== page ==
• Rule of Three: Three keys, three doors, three wishes, three bridge crossings...
    • Or, in the case of the remake, Three Gems, three tests, three Vampires.
  • Standard Hero Reward
  • Thou Shalt Not Kill: See "Mercy Rewarded" above.
  • Unwinnable by Design: King's Quest II has a number of unwinnable situations by design. Al Lowe (one of the game's main developers) in the official hintbook even goes as far to lead players into unwinnable situations (by only giving half a solution inside one of the hint questions), and then in a later hint question, going as far to mock the player for following him there (teaches a person right for 'cheating') or getting into the unwinnable predicament on their own (then telling the player they better have had a save from an earlier point in the game, before finally explaining what to do differently). The rope bridge breaks after exactly seven crossings. If you aren't carrying the third key at that point, restart the game, because you will never win if you try to cross an eighth time. There is no warning about this. Again, averted by the Fan Remake.
  • What the Hell, Player?: Kill a monk in the church and you instantly die with this message:
    Anyone who would kill a man of the cloth doesn't deserve to play this game. Therefore, we will end it.

The Fan Remake provides examples of:

  • Adaptation Expansion
  • Affably Evil: Caldaur, though later he does a full Heel-Face Turn.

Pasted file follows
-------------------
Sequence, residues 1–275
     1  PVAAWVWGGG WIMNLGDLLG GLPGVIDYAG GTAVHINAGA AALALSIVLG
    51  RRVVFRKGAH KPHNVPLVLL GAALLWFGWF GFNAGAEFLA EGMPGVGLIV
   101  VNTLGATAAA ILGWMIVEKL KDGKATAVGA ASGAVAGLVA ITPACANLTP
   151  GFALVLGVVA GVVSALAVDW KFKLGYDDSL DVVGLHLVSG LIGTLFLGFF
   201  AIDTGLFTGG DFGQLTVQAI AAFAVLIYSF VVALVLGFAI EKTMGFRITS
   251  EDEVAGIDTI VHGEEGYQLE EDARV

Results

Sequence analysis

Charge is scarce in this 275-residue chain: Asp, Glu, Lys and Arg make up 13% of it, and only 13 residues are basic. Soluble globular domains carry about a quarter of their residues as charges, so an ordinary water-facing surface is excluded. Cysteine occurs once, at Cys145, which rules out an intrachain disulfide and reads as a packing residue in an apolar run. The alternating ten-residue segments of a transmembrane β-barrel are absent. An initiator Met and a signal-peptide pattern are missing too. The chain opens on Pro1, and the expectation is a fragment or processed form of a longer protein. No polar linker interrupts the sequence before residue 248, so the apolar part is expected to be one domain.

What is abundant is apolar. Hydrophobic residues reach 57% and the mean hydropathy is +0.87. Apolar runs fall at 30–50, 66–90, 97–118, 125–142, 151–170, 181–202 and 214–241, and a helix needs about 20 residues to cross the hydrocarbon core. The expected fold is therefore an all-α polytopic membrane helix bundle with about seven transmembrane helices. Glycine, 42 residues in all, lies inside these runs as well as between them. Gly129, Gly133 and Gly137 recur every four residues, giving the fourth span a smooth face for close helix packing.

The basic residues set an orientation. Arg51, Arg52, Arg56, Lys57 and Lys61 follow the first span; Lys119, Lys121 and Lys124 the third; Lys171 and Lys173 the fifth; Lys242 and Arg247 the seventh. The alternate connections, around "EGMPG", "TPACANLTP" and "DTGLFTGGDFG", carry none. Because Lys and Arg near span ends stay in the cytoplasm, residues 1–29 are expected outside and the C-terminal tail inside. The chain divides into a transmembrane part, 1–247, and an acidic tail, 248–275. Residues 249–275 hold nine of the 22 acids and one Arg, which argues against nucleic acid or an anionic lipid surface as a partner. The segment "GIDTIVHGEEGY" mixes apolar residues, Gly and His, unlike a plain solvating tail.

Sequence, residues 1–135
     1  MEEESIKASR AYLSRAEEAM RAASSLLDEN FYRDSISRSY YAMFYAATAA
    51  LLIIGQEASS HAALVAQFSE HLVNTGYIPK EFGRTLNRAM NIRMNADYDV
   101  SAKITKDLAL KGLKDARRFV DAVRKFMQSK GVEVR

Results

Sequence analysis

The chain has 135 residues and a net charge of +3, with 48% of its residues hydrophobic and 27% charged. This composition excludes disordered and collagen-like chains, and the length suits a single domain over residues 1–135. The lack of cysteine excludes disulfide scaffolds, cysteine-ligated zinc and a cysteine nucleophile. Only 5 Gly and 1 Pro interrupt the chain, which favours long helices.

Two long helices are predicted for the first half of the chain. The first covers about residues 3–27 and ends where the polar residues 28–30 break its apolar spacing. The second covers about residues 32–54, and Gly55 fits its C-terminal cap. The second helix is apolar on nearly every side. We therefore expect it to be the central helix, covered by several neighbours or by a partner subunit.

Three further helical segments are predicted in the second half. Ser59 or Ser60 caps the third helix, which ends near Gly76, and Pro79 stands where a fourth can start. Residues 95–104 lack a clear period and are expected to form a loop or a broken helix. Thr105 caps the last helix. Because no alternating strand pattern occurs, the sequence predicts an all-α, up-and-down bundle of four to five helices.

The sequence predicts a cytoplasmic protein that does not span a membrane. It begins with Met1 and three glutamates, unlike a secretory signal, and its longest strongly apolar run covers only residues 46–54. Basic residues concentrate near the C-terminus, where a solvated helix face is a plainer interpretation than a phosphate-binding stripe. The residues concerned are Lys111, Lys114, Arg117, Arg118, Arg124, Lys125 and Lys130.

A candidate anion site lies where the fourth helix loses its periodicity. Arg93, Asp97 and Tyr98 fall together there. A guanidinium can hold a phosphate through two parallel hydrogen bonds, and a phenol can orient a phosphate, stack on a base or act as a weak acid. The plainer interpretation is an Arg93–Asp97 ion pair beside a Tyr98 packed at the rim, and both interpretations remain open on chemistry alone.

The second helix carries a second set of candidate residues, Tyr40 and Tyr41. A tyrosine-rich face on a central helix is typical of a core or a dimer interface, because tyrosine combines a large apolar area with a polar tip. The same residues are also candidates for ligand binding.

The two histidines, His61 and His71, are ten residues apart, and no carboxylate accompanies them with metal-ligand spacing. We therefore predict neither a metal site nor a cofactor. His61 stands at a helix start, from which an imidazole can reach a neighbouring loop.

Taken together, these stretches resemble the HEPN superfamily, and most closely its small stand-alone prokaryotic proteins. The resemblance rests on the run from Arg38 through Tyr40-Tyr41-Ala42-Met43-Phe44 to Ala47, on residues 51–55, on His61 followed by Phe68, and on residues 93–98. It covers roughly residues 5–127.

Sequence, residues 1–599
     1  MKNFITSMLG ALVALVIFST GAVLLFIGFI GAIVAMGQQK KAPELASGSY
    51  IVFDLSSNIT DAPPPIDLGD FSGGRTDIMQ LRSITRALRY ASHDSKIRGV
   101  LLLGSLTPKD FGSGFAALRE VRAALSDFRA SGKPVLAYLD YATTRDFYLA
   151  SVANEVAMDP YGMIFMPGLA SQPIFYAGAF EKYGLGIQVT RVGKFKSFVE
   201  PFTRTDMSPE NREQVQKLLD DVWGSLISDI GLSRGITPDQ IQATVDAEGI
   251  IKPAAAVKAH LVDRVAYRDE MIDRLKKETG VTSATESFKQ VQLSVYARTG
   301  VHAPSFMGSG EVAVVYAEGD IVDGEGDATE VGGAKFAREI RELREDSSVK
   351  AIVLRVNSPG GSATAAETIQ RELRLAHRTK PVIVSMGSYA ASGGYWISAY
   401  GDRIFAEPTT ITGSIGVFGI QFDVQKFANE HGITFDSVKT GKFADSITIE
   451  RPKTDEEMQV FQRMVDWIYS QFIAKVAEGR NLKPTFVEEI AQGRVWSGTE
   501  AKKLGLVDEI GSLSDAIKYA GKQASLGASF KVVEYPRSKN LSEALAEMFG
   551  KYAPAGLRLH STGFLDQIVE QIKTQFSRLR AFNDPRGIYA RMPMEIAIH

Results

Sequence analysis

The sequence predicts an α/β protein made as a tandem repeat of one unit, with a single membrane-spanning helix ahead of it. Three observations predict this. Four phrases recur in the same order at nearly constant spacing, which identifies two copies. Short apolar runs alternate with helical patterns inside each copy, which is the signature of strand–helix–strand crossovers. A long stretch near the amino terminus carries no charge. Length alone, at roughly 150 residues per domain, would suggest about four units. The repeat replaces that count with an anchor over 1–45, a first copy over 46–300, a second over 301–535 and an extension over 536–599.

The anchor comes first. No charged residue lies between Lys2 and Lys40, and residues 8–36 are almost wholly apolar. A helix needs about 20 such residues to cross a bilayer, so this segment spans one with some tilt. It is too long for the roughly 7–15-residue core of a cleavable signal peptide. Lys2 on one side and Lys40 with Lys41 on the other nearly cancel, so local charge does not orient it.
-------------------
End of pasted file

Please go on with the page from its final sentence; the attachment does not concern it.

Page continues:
• Alucard: Almost. It's Count Caldaur.
  • Anti-Magic: That's what the enchanted emerald does, which is vital to free the pegasus, reveal the bridle, release the lion and awaken Valanice.
  • Asian Store-Owner: There's a merchant in town who seems to be this, but his tendency to slip into a cockney accent gives him away...
  • Authority Equals Asskicking: The Sharkees are a mean-looking race of beings with shark heads and tails along with muscular arms and torsos. One look at their king reminded Graham to stay well hidden.
  • Award Bait Song: "When I Saw You".
  • Baleful Polymorph:
    • Towards the end of the game, the lion at the tower door turns out to be Hagatha's ex-boyfriend. You also pull this on Hagatha herself by stuffing fur into the youth potion.
    • If you're caught by the unnamed sorcerer in the forest he'll turn you into a beast.
  • Beware the Nice Ones: You know that sweet old lady who runs the antique store? In the remake, she's a secret magic user, willing to sacrifice a sweet little bird so she can be young again. Fortunately, Hagatha kills her.
  • Big Bad: This time, Hagatha is your primary antagonist.
  • Big Bad Wannabe: The Brotherhood of the Pack can be see as this.
  • Brick Joke: In Count Caldaur's Castle there are chandeliers hanging from the ceiling. One of the messages when you talk to them is, "That's it! You have to get some of these for your own castle!" and, sure enough, in King's Quest III if you look at the Daventry Throne Room at the ending cutscenes, there are chandeliers just like Caldaur's hanging from the ceiling!
  • Call Back: There's a few to the first game. For one, attempting to push Hagatha into her cauldron will only get you killed, with the death message saying "Did you really think that tactic was going to work a second time?".
  • Call Forward: The game contains a few to later King's Quest games, as well as one to an event later in the game itself: During the second Air Gem test, attempting to attack the Father will result in his saying "Did you think I'd come unprepared this time?", referring to the fact that Graham punches the Father out during the game's ending.